Archive for category Video Games

Retrospective: The Last of Us

Ellie & Joel

Courtesy of

Initially, I had doubts Naughty Dog would be able to break away from the framework they established with the ‘Uncharted‘ series. Although the series is a massive success, it was  becoming old hat. But their latest entry, ‘The Last of Us‘, showcases an amazing depth of what Naughty Dog can deliver. What Naughty Dog crafted here is, hands down, one of the best gaming experiences this generation. Everything from the character and level design, UX/UI interface, story presentation, and so on just shines. But most of the chatter around this game circles around one major aspect, the ending. If you completed the game, then you know know it  was nothing short of shocking. As a forewarning, this post will contain heavy spoilers though out. Do NOT read any further if you have not completed the game.

Courtesy of

Courtesy of

I appreciate and love that Naught Dog did not give us game built entirely on conventional themes or cookie cutter characters. This is a look at an early dystopia and there no heroes or bad guys. There are no happy endings. For all loses, Joel is clearly not a ‘good’ man. He’s not even close to being a disgraced or fallen hero. Even at the onset of the game, he’s shown to be a very selfish individual. In the very beginning while driving through town, they see a family trying to flag them down for help. But Joel forcefully insists that his brotherTommy keep driving and leave them. Even his daughter Sarah makes a minor quibble about this. After surviving an ambush, Ellie asks Joel how he knew they entered an ambush and if he killed any ‘innocent’ people. Dryly, Joel responds he’s been on both sides of the situation regarding her former question and leaves it up to her decided regarding the latter. Most of his motivations are shown to be in his own self-interests, even to the very end. In another instance, Joel and Ellie partner up with another lone wolf and cub duo by the names, Henry and Sam.  During a pursuit by some hunters, Joel is suddenly cut off from the group. A flustered Henry hesitates, but fails to see any immediate solution. Henry then leaves Joel and Ellie to fend for themselves. This example is played out many times throughout the game. Regardless of who these people were in the old world has little relevance here, what matters is survival. In short: ‘good’ people are sometimes forced to make ‘bad’ decisions given the situations they’re put in.

This game is just chockfull of these kind of humanistic moments.There’s one touching scene between Ellie and Sam where she gives me a toy robot he had to leave behind. This is off set by the next morning where it’s revealed Sam is infected and is by by his brother, Henry.  The grief of which drives him to commit suicide right there. I call out this scene for a few reason.  One, this is a perfect example of how well Naughty Dog is able to convey human emotions and moments flawlessly. And second, they display a keen attention to detail. Before this event occurs, your group is in a toy store where Ellie will stand next to the robot. Proceed to the next section but don’t go through the door just yet. Turn around and look at Ellie, the toy robot will be gone. This kind of attention to detail and continuity is what makes this game memorable. If there were any protagonists in the game, it would be Ellie. Despite seeing the world fall into madness, Ellie still maintains an air ‘innocence’ (and I say that ever so slightly). Her teen sensibilities and child-like nature provides the perfect balance to Joel’s gruff nature.  But unfortunately, she’s never really given a true moment to be the “hero” of the game aside from saving a dying Joel. Who, arguably, may not be worth saving in the first place.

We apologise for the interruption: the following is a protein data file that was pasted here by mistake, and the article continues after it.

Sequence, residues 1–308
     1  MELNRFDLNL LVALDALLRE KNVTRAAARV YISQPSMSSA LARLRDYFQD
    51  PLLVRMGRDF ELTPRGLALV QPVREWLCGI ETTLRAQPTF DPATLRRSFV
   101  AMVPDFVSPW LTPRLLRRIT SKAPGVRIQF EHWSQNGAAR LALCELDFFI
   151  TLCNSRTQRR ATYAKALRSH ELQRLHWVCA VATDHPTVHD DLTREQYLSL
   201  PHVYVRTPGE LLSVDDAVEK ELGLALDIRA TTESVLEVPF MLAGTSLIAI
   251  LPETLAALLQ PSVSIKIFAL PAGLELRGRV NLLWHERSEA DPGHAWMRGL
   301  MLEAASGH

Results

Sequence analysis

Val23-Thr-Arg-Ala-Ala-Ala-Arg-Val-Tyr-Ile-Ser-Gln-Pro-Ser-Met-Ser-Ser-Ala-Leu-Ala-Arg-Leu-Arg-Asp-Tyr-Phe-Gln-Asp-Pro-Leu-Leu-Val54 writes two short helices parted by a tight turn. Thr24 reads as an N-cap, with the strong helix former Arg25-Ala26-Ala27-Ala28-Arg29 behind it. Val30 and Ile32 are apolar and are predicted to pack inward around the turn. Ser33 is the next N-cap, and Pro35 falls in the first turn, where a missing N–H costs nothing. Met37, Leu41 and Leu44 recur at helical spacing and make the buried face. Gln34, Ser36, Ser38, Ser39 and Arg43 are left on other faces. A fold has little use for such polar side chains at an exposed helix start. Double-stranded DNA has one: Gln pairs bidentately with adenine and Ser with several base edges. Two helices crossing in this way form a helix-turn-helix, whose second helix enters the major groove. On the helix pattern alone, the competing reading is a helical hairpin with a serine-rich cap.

The Final Confrontation

Courtesy of Kotaku

But that’s the real question: who’s worth saving in the first place? Joel and Henry briefly discuss how quickly people turned on each other when the infected begin to spread. On one hand, it’s easy to empathize with Marlene’s perspective. The key to humanity’s survival potentially lies with Ellie (more specifically, within her brain). We learn that Marlene has essentially raised Ellie from a young age after the death of her biological mother. And the choice to sacrifice her does not come lightly but she believes it is for the greater good. In contrast, Joel has never quite come to terms with the death of his own daughter Sarah. But the journey with Ellie, has softened him into viewing her as his adoptive ‘daughter’. There was no way Joel could endure that kind of loss again, humanity be damned. It’s interesting how both Joel and Marlene are surrogate parents to Ellie; yet they both have their own agendas in mind. There’s also some eerily Messianic ties in this dynamic.  Would you sacrifice your only ‘child’ for the greater good of man no matter how far they’ve fallen? For Marlene, begrudgingly Yes. For Joel, Hell No! Ultimately, it was not a decision for either of them to make. It should have been Ellie’s choice.  Granted, laying the fate of humanity at the feet of a child is extremely messed up in itself. But it’s still a decision that belonged to Ellie, not her ‘parents’. Joel was right about one thing: Marlene would never stop hunting them. Obviously, that’s no sound justification for killing her, but it is a fairly accurate assumption given Marlene’s demeanor.  In the end, it’s clear Ellie knows something doesn’t add up with Joel’s explanation of what happened. Part of me even believes that Ellie realized later on that she was going die to help develop a cure, but played along as a comfort to Joel. What is clear is their relationship going forward is standing on some serious rocky ground.